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Lillian Gerhardt vs. Ethel Heins

Lillian Gerhardt and Ethel Heins

What prompted Lillian Gerhardt, editor of School Library Journal, to tell Horn Book editor Ethel Heins, “On second thought, I may fly up to Boston and hit you over the head with a chair after all”? It started with the tricky term “mainstream” when applied to literature for adults and children alike. Gerhardt asserted that there was a literary time lag of about twenty years between new ideas in literature for adults and their use by writers for children. That got Heins’s dander up, she responded with conviction, Gerhardt threatened to throw that chair, and…well, you can read the rest.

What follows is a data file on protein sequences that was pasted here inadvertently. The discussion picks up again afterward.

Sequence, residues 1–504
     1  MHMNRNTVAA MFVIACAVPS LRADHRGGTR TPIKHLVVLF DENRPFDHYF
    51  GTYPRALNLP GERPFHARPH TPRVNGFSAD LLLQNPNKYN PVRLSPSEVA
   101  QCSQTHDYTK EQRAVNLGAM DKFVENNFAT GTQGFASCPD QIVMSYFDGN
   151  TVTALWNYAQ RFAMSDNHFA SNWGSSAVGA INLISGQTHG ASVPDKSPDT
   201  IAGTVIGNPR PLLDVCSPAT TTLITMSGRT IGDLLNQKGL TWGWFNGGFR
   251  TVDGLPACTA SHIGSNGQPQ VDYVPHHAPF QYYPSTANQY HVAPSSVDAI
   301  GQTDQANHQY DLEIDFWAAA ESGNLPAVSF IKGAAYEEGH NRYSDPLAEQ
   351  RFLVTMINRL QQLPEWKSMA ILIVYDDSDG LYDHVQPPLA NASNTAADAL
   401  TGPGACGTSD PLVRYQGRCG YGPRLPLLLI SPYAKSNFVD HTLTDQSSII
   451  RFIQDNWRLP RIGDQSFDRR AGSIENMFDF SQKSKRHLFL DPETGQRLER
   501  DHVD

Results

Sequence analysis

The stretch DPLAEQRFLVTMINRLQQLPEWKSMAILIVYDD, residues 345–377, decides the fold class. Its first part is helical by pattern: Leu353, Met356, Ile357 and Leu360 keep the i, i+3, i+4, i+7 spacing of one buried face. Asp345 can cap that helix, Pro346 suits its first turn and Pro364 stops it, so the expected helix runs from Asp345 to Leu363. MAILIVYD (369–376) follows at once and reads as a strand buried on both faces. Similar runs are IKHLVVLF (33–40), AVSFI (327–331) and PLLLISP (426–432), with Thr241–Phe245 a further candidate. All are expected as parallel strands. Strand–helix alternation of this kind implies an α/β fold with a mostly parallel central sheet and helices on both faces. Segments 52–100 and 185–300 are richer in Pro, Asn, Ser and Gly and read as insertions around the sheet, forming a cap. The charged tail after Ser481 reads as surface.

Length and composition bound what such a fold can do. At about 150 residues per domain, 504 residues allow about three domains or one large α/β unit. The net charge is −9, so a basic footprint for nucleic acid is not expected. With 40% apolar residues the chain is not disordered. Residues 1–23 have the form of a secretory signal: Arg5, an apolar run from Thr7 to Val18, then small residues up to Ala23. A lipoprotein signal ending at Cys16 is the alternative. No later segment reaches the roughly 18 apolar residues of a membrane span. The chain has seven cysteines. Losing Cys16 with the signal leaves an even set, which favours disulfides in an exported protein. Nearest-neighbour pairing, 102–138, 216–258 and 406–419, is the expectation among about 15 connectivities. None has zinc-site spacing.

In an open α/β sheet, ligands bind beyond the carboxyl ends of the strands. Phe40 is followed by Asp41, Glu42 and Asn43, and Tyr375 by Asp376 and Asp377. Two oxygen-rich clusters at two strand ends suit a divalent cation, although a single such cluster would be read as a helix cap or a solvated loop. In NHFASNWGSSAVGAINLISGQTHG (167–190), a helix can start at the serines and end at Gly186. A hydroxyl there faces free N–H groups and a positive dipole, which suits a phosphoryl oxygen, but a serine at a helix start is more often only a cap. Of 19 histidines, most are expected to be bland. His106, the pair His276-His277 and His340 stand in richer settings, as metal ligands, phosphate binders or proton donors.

An Argument Worth Opening by Lillian N. Gerhardt (School Library Journal, May 1974)
“Books for children are more accurately described as: the last bastion of yesterday’s literary methods and standards.”

Damming the Mainstream by Ethel Heins (Horn Book Magazine, August 1975)
“Last bastion or last refuge? Pigeonholing and labeling can be unfortunate — tidy, but artificial and constricting.”

A Letter to Ethel Heins by Lillian N. Gerhardt (School Library Journal, Sept. 1975)
“Really, Ethel, I think you should lock yourself in your office, read over The Emperor’s New Clothes, and take it to heart.”

A Letter to Lillian N. Gerhardt by Ethel L. Heins (School Library Journal, Nov. 1975)
“It is difficult for me to see how the children’s book world can be expected to be taken seriously when one of its professional critics uses such uncritical supports as hurling epithets or threatening to throw chairs.”